01 March 2021

Survey of English-Language Books on the PLA

This foundational survey of modern PLA studies reveals the state of the field just before the two decades’ meteoric growth to its present profusion. It specifically covers five dozen of the most significant works published over the past three decades, together with other sources emerging from China’s government and in then-still-new media such as the Internet. This history remains significant; it reflects the context in which the PLA itself has modernized. Such formative background becomes ever-less familiar as veteran military Sinologists move towards “retirement,” while junior scholars and analysts—typically schooled in more recent works—enter and rise in the professional ranks. Absorbing this edifying context is never outdated—worth reviewing now!

Kenneth W. Allen, “Survey of English-Language Books on the PLA,” December 2003; China Analysis from Original Sources 以第一手资料研究中国, 1 March 2021.

Over the past 15 years, there has been a proliferation of information available in English about China’s military—the People’s Liberation Army (PLA). The information is available from news agencies, newspapers, magazines, periodicals, scholarly journals, monographs, books, and the Internet.

For someone who wants to purchase an English-language book on the PLA, a search of Amazon.com using “China” and “PLA” shows about 10,000 books with some type of information on the subject. A quick glance at these entries, however, shows that only a few of the books actually provide information devoted to China’s military. In fact, probably less than 100 English-language books about the PLA have been published.

Even for someone familiar with the subject matter, the task of narrowing the available information on the PLA can be somewhat overwhelming. Therefore, this article provides some background information on a representative sample of about 60 books published in English about the PLA over a 30-year period, including the types of books, authors, content, and sources of research information. Although some excellent analytical pieces are available in scholarly journals, covering them is beyond the scope of this article. Furthermore, several good sources of information are available in other languages, but they may not be readily available to authors of English-language books on the PLA. … … …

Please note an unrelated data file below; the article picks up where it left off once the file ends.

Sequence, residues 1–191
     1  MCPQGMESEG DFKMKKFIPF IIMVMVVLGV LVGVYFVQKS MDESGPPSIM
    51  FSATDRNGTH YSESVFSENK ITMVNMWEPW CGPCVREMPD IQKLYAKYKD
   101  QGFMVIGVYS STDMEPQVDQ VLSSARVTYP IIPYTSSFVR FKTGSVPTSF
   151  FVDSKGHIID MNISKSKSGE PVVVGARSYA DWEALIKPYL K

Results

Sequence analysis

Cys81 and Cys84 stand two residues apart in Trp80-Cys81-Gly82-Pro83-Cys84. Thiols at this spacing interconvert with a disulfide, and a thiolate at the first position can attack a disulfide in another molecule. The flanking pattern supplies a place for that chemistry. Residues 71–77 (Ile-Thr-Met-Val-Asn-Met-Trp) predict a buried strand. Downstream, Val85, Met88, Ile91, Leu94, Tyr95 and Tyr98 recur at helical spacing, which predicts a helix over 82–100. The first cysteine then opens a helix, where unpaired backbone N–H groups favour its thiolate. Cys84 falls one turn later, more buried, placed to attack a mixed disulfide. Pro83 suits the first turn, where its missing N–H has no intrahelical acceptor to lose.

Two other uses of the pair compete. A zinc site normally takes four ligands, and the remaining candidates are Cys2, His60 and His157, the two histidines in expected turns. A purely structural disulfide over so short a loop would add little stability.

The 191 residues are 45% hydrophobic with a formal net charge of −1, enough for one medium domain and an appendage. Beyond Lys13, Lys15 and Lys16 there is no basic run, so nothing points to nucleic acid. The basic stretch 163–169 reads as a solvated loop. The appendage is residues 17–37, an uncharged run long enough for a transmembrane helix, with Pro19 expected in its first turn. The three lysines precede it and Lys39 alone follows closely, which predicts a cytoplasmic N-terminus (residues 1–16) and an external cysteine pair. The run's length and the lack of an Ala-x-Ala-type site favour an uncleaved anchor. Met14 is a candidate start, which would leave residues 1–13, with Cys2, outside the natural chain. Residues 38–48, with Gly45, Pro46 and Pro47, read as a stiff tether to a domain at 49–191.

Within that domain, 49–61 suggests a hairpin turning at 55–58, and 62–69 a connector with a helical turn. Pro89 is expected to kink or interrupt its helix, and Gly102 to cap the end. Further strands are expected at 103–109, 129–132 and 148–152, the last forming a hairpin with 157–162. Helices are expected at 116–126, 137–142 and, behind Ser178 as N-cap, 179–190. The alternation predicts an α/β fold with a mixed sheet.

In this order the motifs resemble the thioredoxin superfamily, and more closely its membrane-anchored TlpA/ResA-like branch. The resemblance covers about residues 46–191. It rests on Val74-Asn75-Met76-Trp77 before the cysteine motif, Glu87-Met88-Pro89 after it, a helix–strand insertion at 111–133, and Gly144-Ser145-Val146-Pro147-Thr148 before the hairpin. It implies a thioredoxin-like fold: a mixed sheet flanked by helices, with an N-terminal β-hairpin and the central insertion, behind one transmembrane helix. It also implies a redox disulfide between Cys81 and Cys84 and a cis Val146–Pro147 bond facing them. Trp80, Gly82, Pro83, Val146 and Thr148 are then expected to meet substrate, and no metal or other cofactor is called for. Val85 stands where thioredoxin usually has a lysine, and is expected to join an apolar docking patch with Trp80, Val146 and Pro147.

Ken Allen (USAF Major – ret.) retired in November 2019 as the Research Director for the U.S. Air Force’s China Aerospace Studies Institute (CASI). He assumed the position in May 2017. For the past 25 years, his primary focus has been on China’s military organizational structure, personnel, education, training, and foreign relations with particular emphasis on the PLA Air Force. He previously worked for the U.S.-Taiwan Business Council, the Henry L. Stimson Center, Litton TASC, the Center for Naval Analysis (CNA), Defense Group Inc. (DGI), and the Long Term Strategy Group (LTSG). During 21 years in the U.S. Air Force (1971–92), he served as an enlisted Chinese and Russian linguist and intelligence officer with tours in Taiwan (Shulinkou Air Station and special project at the U.S. Embassy Defense Attaché Office), Berlin, Japan (5th Air Force), PACAF Headquarters, China, and Washington, DC (Instructor in the Defense Intelligence Agency’s Joint Military Attaché School). From 1987–89, he served as the Assistant Air Attaché in the U.S. Embassy in Beijing, where he received the individual Exceptional Collector of the Year Award for 1988 and the Unit Exceptional Collector of the Year Award for 1989 (Tiananmen). He was inducted into DIA’s Defense Attaché Hall of Fame in 1997. He has B.A. degrees from the University of California at Davis and the University of Maryland and an M.A. degree from Boston University. He has written multiple books, monographs, chapters, journal articles, and online articles on the PLA.